John Negroponte was called by his nickname "Proconsul" and portrayed as a guy dressing in Roman attire.
No Name Given: The initials B.D. don't appear to stand for anything, as he's an expy for old Yale football hero Brian Downing. They've diverged a lot over the years. When B.D. is about to get married, and somebody asks for his last name, he says just: "D". His wife is later sometimes referred/addressed as "Mrs. D".
Strangely enough, while everyone else has aged normally since 1984, Uncle Duke does not age, appearing to be constantly in his late 40's since he first appeared more than 30 years ago. This means that his nephew Zonker, who was a college student when he first met Duke, is now about the same age as him. No one appears to have noticed.
Roland Hedley, the amoral TV news reporter, has never aged either, perhaps because he's more of a representation of the media itself than a character in his own right.
Duke's erstwhile business associate Jim Andrews also hasn't aged in about 30 years...and he was clearly in his fifties when he first appeared.
One Degree of Separation: Seen when Toggle meets Alex over the internet. It's also lampshaded. BD, on discovering that Toggle is dating Alex, says, "She's my college roommate's kid! That's crazy! What are the odds?" The narration replies, "Pretty good, actually. It's a comic strip."
One-Two Punchline: Doonesbury was the first newspaper comic strip to regularly use this, and was directly or indirectly the inspiration for most modern uses.
OOC Is Serious Business: The only time Zeke is ever seen with his hat off and eyes showing is when his car is run off a cliff and lands upside down, making the hat fall off.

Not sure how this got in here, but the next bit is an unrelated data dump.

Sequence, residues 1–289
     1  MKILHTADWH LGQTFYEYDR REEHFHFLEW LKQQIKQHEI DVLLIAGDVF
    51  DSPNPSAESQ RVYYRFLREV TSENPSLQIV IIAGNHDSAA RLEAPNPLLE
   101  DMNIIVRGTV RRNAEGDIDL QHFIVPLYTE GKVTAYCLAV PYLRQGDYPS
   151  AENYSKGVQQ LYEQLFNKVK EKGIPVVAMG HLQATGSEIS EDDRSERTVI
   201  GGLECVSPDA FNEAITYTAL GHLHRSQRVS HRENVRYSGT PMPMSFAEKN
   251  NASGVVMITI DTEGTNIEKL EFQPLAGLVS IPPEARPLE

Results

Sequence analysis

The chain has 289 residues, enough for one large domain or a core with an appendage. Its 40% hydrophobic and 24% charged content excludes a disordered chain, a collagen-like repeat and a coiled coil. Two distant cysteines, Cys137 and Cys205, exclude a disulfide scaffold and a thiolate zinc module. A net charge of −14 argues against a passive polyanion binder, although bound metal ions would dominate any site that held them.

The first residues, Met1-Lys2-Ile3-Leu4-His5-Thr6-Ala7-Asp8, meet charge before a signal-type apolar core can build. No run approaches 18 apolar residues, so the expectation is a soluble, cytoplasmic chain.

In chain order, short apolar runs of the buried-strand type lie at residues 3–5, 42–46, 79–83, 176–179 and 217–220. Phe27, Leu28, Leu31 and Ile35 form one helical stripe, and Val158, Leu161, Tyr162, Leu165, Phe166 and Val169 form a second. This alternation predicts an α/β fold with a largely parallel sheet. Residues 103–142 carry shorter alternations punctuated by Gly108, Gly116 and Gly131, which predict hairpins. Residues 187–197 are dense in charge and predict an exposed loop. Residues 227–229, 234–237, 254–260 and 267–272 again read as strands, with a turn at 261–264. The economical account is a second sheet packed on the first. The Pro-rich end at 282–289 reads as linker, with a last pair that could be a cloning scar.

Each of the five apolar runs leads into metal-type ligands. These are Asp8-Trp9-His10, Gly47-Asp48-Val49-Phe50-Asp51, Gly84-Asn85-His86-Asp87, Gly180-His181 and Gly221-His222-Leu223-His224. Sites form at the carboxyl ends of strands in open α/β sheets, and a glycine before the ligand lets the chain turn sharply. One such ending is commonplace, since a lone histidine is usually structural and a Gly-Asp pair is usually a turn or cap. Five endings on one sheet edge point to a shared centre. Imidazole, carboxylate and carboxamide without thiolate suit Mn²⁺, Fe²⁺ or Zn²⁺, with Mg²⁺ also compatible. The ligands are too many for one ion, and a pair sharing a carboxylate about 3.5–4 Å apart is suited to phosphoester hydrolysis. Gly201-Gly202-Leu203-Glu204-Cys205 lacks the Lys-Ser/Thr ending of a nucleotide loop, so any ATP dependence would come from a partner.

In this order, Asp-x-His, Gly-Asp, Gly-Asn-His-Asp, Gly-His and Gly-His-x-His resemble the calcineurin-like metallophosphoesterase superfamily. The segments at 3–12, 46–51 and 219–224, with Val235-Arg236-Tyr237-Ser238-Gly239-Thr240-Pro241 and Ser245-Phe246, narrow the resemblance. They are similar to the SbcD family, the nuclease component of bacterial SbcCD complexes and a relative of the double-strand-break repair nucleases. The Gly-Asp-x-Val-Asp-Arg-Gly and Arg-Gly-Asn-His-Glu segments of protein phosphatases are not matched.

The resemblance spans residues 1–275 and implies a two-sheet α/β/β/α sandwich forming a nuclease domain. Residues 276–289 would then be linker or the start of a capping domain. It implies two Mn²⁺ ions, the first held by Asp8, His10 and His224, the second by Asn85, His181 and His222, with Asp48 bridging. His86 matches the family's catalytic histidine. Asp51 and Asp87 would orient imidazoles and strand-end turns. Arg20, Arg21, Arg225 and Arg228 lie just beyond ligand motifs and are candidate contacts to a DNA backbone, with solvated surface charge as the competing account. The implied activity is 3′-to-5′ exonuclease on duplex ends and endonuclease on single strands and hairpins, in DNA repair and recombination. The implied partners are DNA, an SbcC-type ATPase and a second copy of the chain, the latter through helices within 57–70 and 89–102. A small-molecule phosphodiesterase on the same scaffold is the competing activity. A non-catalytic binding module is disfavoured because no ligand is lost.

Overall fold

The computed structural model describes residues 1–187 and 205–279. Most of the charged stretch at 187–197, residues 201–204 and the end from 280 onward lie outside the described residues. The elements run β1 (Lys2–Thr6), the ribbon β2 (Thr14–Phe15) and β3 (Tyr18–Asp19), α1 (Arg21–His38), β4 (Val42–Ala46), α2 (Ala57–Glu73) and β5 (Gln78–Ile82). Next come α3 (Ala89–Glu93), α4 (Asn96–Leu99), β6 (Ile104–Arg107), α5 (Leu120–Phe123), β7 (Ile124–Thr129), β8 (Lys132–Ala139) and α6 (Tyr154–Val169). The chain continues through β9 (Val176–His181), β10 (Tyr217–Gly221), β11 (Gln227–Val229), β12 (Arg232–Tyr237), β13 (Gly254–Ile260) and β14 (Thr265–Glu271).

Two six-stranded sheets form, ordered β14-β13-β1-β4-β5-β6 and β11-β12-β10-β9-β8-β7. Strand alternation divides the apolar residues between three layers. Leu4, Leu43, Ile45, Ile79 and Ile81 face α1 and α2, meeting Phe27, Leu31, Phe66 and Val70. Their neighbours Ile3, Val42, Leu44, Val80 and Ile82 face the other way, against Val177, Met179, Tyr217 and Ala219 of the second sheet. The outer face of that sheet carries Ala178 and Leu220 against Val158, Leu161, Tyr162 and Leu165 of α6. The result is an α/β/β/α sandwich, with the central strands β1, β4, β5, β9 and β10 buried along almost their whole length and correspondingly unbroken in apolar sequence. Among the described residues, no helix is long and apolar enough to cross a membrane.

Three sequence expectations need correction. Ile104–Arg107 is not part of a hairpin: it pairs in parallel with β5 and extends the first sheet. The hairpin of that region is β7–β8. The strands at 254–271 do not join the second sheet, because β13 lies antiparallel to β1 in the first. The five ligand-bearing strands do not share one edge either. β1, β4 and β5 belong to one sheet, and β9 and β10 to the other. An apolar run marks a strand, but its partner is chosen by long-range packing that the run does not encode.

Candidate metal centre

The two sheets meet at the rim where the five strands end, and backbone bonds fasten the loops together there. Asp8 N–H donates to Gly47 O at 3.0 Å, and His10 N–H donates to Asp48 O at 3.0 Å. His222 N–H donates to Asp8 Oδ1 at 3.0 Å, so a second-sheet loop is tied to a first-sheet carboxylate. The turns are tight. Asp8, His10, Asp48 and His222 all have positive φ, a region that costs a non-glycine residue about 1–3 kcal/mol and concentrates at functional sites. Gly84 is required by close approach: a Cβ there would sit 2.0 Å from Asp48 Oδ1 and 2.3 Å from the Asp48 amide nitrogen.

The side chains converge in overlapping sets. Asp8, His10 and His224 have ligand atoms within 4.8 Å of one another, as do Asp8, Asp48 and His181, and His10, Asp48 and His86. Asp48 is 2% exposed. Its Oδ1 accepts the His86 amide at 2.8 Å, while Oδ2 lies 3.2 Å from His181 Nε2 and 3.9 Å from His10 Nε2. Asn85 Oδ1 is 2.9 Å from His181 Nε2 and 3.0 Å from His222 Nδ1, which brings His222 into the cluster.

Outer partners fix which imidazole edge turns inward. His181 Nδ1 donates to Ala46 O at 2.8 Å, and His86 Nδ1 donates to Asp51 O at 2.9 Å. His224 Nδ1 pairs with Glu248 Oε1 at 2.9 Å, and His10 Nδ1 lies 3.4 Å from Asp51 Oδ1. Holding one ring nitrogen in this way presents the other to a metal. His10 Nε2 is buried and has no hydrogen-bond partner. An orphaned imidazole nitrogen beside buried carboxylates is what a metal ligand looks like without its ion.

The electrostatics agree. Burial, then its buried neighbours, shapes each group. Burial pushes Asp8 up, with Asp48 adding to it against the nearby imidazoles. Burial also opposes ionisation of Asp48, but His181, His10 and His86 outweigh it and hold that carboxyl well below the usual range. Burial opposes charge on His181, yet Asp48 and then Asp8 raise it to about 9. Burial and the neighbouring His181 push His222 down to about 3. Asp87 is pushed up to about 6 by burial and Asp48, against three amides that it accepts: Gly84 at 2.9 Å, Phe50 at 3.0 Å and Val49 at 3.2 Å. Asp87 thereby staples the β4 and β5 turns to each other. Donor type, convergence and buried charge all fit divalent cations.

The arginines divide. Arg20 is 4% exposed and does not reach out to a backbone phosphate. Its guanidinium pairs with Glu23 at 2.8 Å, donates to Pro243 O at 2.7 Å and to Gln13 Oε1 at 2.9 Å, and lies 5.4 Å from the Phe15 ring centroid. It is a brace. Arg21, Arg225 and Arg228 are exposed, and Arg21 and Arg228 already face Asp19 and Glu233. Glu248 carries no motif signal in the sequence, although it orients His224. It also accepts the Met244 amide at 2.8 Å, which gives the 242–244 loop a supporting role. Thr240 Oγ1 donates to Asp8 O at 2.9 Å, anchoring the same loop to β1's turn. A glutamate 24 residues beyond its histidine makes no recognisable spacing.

Refuge in Audacity: A comparatively subtle example, if such a thing can be imagined. Jeff's fantasies as "The Red Rascal" aren't taken seriously even within the context of the strip, so it might take the reader a while to fully grasp that in one of them, printed in family-friendly newspapers across America, he disemboweled a Mook in full color.
Rogue Juror: A 1994 story arc dealt with the tobacco executives who claimed under oath that they did not "believe" nicotine is addictive, despite the vast amounts of evidence to the contrary. In the strip, the executives are prosecuted on perjury charges. Every member of the jury is convinced they are guilty, except for Jeremy Cavendish, who canít decide if the executives are "monsters or idiots." The other jurors argue with him for a long time and he eventually agrees the executives are guilty. He later reveals his change of heart was motivated by his desperate need to visit the restroom.
Sexual Extortion: Melissa, a female soldier teased as B.D.'s love interest, turns out to be in therapy after having been forced into sex by a senior officer. The strip goes surprisingly in-depth on the various conflicts she feels ("I suffered sexual assault for my country?").